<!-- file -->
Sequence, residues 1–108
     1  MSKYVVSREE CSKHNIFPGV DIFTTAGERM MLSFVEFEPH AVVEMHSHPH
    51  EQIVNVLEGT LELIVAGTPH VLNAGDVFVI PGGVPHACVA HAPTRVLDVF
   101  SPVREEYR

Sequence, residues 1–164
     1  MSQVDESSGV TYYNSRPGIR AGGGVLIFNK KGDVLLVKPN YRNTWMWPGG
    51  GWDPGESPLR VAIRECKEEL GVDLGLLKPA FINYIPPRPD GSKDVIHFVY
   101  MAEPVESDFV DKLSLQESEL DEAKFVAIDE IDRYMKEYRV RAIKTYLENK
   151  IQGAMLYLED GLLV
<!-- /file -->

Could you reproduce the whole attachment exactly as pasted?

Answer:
Sequence, residues 1–108
     1  MSKYVVSREE CSKHNIFPGV DIFTTAGERM MLSFVEFEPH AVVEMHSHPH
    51  EQIVNVLEGT LELIVAGTPH VLNAGDVFVI PGGVPHACVA HAPTRVLDVF
   101  SPVREEYR

Sequence, residues 1–164
     1  MSQVDESSGV TYYNSRPGIR AGGGVLIFNK KGDVLLVKPN YRNTWMWPGG
    51  GWDPGESPLR VAIRECKEEL GVDLGLLKPA FINYIPPRPD GSKDVIHFVY
   101  MAEPVESDFV DKLSLQESEL DEAKFVAIDE IDRYMKEYRV RAIKTYLENK
   151  IQGAMLYLED GLLV